- Managed DaaS
- Happy End Users
January 2020 may still feel like a long time away, but IT teams that need to navigate a full transition from Windows 7 to Windows 10 by that deadline are starting to feel the pressure. The main challenge right now is that many of the company-issued desktops in use today aren’t compatible with the upgraded operating system because of insufficient RAM and processing power. Event endpoints that can support Windows 10 create a massive headache – will IT have to spend hours manually reimaging every device with Windows 10? That’s a lot of lost production hours across an entire company. Organizations that allow BYOD may have the same problem, but with even less control over the endpoints that need to be updated.
As a result, traditional PCs have seen an (unnecessary) sales spike that hasn’t happened since 2012. The reason this spike is unnecessary is because there’s a better way for organizations to accommodate this forced change that doesn’t require replacing every endpoint or hours of manual updates – virtual desktops via desktop as a service (DaaS).
Desktop as a service providers offer many solutions, features and benefits that can help organizations weather the OS change in a more forward thinking, digital transformation way. Desktop virtualization, particularly when managed by an outsourced provider, directly addresses many of the challenges IT teams are facing with this upcoming transition.
The fact that many existing endpoints can’t support Windows 10 requirements is driving the PC sales spike. But virtual desktops change that game. Virtual desktops separate the endpoint’s native OS from the virtual instance and can be run on any internet device regardless of the native operating system or processing power. This gives organizations a variety of hardware options, including:
Organizations with endpoints that are in good working condition but without the processing power and memory to support Windows 10 will be particularly interested in Dizzion’s zLink solution. zLink is an endpoint conversion option that wipes the underlying OS to permanently convert devices into thin clients that require little native memory. High performance virtual desktops can then be run on the “old” endpoints, allowing organizations to prolong the useful life of existing hardware and avoid joining the PC purchasing wave.
Ensuring business critical apps remain accessible and functional is key to maintaining productivity. Virtual desktops can also address this challenge by virtualizing and streaming apps in addition to the desktop OS.
Individual apps can be virtualized and streamed (within or separate from the virtual desktop), ensuring they’re still accessible despite the underlying OS. Streaming individual apps without a full virtual desktop is a good option for organizations that have already updated their endpoints but are struggling to ensure application compatibility.
Many desktop as a service solutions on the market are closer to platform as a service or infrastructure as a service solutions that leave you to handle most of the implementation in-house. But opting for a fully managed DaaS provider will give you the added benefit of virtualization experts to help with the transition to virtual desktops and Windows 10.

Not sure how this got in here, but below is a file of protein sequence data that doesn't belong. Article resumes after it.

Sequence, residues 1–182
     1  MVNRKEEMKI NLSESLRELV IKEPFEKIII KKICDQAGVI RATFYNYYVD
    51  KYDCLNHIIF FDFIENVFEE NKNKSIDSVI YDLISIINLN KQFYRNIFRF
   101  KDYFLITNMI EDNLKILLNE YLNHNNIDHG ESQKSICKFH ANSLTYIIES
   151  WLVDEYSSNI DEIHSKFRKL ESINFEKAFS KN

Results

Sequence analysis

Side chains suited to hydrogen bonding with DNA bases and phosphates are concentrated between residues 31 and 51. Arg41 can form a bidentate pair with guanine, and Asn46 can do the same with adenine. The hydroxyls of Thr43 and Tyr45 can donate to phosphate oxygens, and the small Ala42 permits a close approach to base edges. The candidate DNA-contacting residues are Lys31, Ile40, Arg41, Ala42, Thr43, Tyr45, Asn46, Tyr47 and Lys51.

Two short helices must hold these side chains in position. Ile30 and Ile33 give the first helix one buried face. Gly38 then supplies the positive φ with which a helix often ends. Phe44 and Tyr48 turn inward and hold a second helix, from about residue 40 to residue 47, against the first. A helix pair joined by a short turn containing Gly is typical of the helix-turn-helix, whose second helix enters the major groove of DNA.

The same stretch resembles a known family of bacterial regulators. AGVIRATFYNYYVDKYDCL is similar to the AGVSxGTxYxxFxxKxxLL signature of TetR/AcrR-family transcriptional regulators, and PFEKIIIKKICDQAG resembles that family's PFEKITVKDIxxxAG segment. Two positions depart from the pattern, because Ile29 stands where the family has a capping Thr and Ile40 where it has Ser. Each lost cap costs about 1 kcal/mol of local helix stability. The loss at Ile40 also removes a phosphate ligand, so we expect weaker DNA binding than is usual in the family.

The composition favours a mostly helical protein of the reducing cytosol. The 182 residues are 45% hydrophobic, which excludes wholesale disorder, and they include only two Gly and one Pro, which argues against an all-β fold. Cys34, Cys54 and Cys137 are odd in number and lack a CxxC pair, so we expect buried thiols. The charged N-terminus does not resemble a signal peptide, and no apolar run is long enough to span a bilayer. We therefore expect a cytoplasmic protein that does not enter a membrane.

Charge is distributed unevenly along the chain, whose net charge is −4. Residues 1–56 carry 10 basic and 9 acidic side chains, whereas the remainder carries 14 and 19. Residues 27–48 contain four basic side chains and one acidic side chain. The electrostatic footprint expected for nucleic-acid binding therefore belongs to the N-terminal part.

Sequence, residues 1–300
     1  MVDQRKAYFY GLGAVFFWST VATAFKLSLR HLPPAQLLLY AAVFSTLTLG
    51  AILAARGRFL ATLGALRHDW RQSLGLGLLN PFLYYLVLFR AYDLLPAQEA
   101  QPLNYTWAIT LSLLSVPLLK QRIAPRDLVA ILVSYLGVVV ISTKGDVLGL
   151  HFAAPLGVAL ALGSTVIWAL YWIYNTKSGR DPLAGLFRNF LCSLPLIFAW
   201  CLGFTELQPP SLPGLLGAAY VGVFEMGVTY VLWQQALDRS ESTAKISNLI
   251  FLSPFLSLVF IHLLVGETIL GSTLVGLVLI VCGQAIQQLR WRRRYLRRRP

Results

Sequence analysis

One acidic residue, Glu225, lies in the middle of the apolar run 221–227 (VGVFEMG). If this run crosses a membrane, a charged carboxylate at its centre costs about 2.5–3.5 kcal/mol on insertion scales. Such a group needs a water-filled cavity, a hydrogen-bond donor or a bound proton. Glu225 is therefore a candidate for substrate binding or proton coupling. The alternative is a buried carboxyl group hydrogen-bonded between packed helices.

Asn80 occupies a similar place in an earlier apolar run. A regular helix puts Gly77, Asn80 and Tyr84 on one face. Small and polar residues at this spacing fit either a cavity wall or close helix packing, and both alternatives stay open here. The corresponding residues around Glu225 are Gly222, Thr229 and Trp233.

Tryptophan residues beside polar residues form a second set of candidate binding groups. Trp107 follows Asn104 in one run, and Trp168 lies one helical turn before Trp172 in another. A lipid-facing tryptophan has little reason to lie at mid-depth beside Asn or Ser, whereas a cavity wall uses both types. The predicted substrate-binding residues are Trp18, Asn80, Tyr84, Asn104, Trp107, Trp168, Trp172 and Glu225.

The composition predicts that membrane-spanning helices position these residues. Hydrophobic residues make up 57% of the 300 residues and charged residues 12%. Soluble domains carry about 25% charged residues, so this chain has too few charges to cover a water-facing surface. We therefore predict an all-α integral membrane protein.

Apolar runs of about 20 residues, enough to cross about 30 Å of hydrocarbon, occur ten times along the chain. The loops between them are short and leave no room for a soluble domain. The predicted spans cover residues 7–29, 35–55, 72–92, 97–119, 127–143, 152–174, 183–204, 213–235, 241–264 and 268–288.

Because DaaS providers work with a range of clients, they’ve experienced and worked through a variety of hiccups and can use the knowledge they’ve learned with others to help your migration go even smoother.
Microsoft licensing is notoriously complicated, but this is another area where repeated exposure can work to your advantage. DaaS providers deal with Windows licensing on a regular basis and are well versed in requirements and options.
Some DaaS providers can also help you acquire the necessary licensing via a Microsoft Service Provider Licensing Agreement (SPLA). As your needs evolve or Microsoft changes the requirements, your DaaS partner is there to help you adjust.
The end of life date for Windows 10 has already been released, meaning organizations will have to go through this entire process again before long. Because virtual desktops can run on any endpoint, when the next change comes upgrading will be relatively simple – without the need to buy new endpoints and work through compatibility issues all over again.
Because DaaS providers make their living off offering high performance desktops to a portfolio of clients, they’ll be well on top of this future change to ensure your process goes smoothly. The benefit of outsourced DaaS over in-house VDI means there’s someone else doing this heavy lifting to ensure compatibility and performance. DaaS lets you essentially transition much of the IT challenge to an outsourced provider.
Whisperings of a Microsoft “DaaS” offering – called Microsoft Managed Desktops – have been in the news lately, but without an official announcement or details it might be too little too late for organizations looking to start the switch now, particularly since this is an unproven service and few companies can afford to have their business critical desktops inaccessible. Plus, if ZDNet is correct, it sounds as if the service will be part desktop as a service, part device as a service, “[providing] customers the ability to lease a Windows 10 device that’s automatically provisioned for them and have the operating system kept up-to-date and more for a single monthly fee.” That still leaves organizations with a brand new collection of endpoint devices – something that can be avoided with existing DaaS providers.
Organizations interested in desktop virtualization as a way to transition to Windows 10 shouldn’t wait for Microsoft’s solution. There are DaaS providers currently in the market with proven track records of helping organizations across industries adopt virtual desktops and solve key IT challenges.
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